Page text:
Scotus graduate Cody Mroczek won a bunch of state titles and was one of the best all-around athletes I saw in my two years, rivaled by current Columbus High student Michael Koch. Colton Wolfe was the most dominant athlete I saw and was fun to watch. I didn’t grow up a fan of wrestling, but I grew to appreciate the abilities of these kids and was always impressed with the wrestling talent in the area. Marika Spencer already has two state titles to her name, three including the Shamrocks’ basketball championship, and still has her senior year of track, where she’ll look to defend her shot put and discus titles. It was always entertaining to watch other basketball teams attempt to keep one of strongest girls in the state away from the basket. Most weren't successful. Mroczek and Wolfe are in their freshman seasons at Nebraska and Spencer will join them as a Husker next year.
As impressive as they were, I was always just as amazed at a freshman who came in and, while maybe not dominant to those levels, still immediately established themselves as one of the best players in their class.
Gracie Borer set Lakeview’s school record for goals in a season as a freshman in 2016. She was robbed of her sophomore season due to a knee injury suffered in basketball, but I look forward to following along from afar to see if she can repeat the prolific goal scoring this season. Tyler Palmer led the Columbus High baseball team in hitting as a freshman last season and started at quarterback for the Scotus football team. Palmer already has an offer from Nebraska for baseball and it’ll be interesting to see what other offers come in for the sophomore.
Jaidyn Garrett started her high school track career off with an all-class gold medal in the pole vault and will threaten the school record and area record as soon as this season. I’m sure the class and state records will probably be on her mind by the time she is a senior.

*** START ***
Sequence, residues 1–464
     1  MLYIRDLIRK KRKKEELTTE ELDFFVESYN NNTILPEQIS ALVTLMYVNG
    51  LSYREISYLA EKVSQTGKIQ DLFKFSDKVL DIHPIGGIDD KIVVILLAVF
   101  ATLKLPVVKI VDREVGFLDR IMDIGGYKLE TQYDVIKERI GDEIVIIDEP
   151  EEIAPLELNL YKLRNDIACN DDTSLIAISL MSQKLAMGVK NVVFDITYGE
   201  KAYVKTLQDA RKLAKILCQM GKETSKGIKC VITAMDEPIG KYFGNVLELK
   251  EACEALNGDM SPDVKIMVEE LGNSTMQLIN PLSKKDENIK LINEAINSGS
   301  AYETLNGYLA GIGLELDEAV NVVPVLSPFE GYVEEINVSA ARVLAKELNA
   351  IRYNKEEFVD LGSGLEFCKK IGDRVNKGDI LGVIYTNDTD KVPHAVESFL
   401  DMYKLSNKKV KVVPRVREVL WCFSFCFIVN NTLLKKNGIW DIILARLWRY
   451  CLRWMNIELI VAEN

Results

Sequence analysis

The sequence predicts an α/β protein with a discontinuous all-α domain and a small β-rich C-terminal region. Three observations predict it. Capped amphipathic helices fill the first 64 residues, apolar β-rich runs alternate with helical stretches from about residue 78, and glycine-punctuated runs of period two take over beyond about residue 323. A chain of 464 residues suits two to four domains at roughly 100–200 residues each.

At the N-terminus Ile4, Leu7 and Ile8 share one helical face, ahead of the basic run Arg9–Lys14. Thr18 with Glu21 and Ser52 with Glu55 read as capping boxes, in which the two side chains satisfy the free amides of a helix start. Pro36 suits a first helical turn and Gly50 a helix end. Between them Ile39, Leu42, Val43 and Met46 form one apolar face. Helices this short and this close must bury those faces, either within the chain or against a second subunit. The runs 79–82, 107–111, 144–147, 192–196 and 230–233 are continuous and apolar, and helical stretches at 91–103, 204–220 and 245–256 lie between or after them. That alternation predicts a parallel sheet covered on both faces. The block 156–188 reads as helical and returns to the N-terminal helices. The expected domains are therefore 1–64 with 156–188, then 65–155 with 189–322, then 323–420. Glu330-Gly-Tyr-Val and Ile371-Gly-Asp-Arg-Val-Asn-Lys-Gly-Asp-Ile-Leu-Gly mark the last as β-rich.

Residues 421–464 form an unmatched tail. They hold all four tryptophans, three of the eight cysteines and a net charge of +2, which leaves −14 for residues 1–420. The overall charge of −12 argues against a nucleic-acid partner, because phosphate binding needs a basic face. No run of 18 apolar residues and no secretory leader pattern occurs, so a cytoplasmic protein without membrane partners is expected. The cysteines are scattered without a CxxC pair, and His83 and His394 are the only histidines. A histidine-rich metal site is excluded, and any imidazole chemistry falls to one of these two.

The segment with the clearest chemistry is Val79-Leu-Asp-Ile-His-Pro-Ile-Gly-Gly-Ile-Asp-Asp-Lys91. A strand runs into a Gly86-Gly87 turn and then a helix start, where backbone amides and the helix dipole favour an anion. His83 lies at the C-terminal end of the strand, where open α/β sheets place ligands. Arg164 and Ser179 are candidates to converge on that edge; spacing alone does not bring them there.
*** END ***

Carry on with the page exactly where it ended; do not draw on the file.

Finally, I only watched two games’ of Humphrey St. Francis’ freshman Allison Weidner, but she’s already one of the best basketball players I’ve seen. She has uncanny handles and passing abilities and can’t wait to see where she ends up.
And who could forget Kyle Anderson?
One of the coolest individual moments in my two years here was watching the then-CHS senior make the Discoverers’ final basket at the old high school. I wrote in my story that nobody would remember the score of that game against Kearney, but everyone would remember Anderson’s layup. Well, it’s a little over a year later and I don’t have a clue what the score was.
There really are a hundred other things that I could write about here, but I feel I’ve rambled on long enough.
It’s time to move on to my next journey as I try to make it as a journalist. I’m going to do some freelance work for The Associated Press in Kansas City in the hopes of making some contacts and turning it into a fulltime job in a major city.
Columbus has been a wonderful introduction into sports journalism. It was a pleasure meeting the coaches, players and parents over the last two years and, hopefully, you enjoyed my writing.
Thanks for the memories.